Taipei, A women's rights group invited 59 members of the public, representing the number of Taiwanese comfort women who publicly identified themselves over the years, to stage a silent protest in front of Japan's representative office in Taipei on Tuesday, International Comfort Women Day.
Also on Tuesday, the first monument commemorating comfort women in Taiwan was unveiled at a ceremony in Tainan City, attended by former President Ma Ying-jeou (???), an event that drew Japanese media attention, according to the United Evening News.
Taipei Women's Rescue Foundation holds activities on Aug. 14 each year to remind the public that the issue of comfort women has yet to be resolved and demand that Japan apologize for its World War II atrocities, including the forced recruitment of Taiwanese girls and women into military brothels.
This year, the foundation's memorial event took the form of 59 people wearing black clothes and white masks staging a 8-minute-14-second silent protest in front of the Japan-Taiwan Exchange Association, which represents Japanese interests in the absence of official diplomatic ties.
Huang Shu-ling (???), chairwoman of the foundation, said she invited Japanese Prime Minister Shinzo Abe to visit the to-be-dedicated Ama Museum two years ago. "Ama" is a Taiwanese euphemism for those women, now seniors, who were treated as sex slaves during the war.
Abe and other Japanese officials ignored the invitation, but the museum, which opened on Dec. 10, 2016, has attracted large numbers of Japanese tourists who showed their sympathy and support for the Taiwanese victims, Huang said.
She called on the Japanese leader "not to underestimate Taiwan's power," as the foundation is part of an Asian and global network of women's rights groups seeking world peace, justice for women, and an end to violence against women.
"Our campaign will not cease because many of the surviving Amas have since passed away. We call on Japan to build a comfort women museum in Japan and issue an apology to all the victims," Huang said.
Fan Ching (??), chief executive officer of the foundation, said the Japanese government should recognize the historical fact that it established a system for forcibly recruiting and managing comfort women, who worked as sex slaves for Japanese soldiers during World War II.
In addition to compensating the Taiwanese victims for their economic loss and emotional injury, Japan should make public its files on comfort women, reflect on its wartime responsibility and ensure such a mistake is never again repeated, Fan added.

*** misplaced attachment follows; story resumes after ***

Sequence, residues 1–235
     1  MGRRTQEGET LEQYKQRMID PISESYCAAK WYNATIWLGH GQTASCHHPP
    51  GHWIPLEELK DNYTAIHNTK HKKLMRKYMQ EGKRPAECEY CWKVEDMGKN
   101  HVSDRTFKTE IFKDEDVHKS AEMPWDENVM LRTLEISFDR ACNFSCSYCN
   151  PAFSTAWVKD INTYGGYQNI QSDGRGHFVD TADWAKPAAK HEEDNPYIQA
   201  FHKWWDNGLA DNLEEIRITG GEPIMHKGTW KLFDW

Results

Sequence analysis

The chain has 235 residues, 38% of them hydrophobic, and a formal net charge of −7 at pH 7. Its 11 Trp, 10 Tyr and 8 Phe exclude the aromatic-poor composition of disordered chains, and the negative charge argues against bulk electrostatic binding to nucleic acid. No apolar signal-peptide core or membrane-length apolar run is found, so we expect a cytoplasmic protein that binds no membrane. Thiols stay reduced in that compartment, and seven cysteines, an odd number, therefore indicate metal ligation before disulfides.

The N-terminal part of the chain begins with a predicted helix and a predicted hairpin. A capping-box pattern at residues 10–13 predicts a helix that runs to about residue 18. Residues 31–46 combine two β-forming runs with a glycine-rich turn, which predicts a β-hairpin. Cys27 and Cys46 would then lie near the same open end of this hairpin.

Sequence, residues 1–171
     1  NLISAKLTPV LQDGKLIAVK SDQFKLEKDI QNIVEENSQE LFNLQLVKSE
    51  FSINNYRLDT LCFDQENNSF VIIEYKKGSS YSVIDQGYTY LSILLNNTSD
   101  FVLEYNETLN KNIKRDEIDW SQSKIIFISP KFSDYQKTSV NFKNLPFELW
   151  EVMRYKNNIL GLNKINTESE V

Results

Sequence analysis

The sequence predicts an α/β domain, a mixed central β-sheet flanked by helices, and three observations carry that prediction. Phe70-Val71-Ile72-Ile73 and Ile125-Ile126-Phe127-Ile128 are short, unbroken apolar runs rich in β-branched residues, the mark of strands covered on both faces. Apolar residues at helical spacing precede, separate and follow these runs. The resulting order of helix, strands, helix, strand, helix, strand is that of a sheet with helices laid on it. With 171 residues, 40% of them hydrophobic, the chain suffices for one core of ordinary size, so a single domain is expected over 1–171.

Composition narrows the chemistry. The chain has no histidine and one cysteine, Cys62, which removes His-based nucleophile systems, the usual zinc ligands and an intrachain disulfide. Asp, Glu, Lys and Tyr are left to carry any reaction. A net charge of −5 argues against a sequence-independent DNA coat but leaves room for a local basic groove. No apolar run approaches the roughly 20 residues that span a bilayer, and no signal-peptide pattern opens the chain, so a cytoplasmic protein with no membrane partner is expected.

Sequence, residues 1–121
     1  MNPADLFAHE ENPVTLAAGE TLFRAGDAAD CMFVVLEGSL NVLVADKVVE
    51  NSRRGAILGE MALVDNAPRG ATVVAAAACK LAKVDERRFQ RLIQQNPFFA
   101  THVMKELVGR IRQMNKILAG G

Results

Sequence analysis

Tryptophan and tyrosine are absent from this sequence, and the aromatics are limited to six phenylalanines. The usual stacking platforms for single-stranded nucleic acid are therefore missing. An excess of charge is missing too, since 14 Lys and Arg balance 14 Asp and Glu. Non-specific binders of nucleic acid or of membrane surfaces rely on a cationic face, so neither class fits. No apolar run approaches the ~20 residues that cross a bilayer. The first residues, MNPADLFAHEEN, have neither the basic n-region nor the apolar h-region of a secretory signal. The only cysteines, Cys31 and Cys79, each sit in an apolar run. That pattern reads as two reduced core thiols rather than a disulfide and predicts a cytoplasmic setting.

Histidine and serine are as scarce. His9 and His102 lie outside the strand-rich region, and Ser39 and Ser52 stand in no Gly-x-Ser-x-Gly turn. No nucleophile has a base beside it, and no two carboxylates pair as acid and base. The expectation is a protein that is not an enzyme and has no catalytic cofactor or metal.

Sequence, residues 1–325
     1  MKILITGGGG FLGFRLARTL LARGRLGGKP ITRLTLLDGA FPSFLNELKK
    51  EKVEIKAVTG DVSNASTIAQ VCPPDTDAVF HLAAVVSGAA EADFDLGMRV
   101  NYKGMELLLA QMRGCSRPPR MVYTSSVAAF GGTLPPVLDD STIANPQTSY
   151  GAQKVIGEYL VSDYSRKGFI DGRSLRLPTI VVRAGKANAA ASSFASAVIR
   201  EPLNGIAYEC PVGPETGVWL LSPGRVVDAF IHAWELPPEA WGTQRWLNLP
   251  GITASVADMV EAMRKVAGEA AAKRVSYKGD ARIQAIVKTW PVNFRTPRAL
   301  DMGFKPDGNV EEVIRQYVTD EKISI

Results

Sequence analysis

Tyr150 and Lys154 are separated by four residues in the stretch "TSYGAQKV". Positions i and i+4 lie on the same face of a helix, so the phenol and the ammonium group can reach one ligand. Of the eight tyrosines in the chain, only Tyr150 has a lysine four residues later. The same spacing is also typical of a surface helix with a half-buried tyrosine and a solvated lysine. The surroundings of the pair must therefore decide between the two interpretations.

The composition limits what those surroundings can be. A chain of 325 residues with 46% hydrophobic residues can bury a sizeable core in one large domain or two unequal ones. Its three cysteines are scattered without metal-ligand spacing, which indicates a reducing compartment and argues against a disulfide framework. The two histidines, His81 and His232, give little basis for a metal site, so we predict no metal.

At the protest site, foundation staff workers gave a reed flower to each of the white-masked protesters who shouted "History must not be glossed over" and "Say sorry, Japanese government."
In Tainan, according to the United Evening News report, Ma rejected criticism that such a monument could affect bilateral relations between Taiwan and Japan.
A total of 31 national parliaments around the world have passed resolutions calling on Japan to apologize and compensate comfort women, Ma said, adding "is Japan not worried that its relations with these countries will be affected?"
At the ceremony, Ma also said that the Act on Promoting Transitional Justice enacted by the Democratic Progressive Party government, can be used as a legal basis to demand that Japan apologize and pay compensation, "which will be real transitional justice for Taiwan's comfort women."
Ma said that during the war years, the Japanese military set up more than 1,000 military brothels in the Pacific theater, kidnapping, threatening and forcing Chinese, Korean, Filipino, Indonesian and Taiwanese women to serve as sex slaves.
He added that an estimated 200,000 women from China and Korea respectively, with between 1,200-2,000 Taiwanese, ended up working in military brothels, with over 70 percent dying in war zones and never being able to return home.
Today, only two publicly identified Taiwanese survivors are still alive and they are waiting for an official apology and compensation from Japan, Ma said.
Since 1992, Taipei Women's Rescue Foundation has collected voice, video and other data and personal effects from the 59 publicly self-identified Taiwanese survivors and edited them into "Life Stories of Taiwanese Amas," which are exhibited at the Ama Museum.
The foundation's website shows that at least 2,000 Taiwanese girls and women were forced to work as "comfort women." Across the world, though mainly in Asia, an estimated 300,000 women became sex slaves under the Japanese "comfort women" system, it adds.
Taiwan was colonized by Japan from 1895-1945. Similar events also occurred in Korea, which was colonized by Japan from 1910-1945.
Source: Focus Taiwan News Channel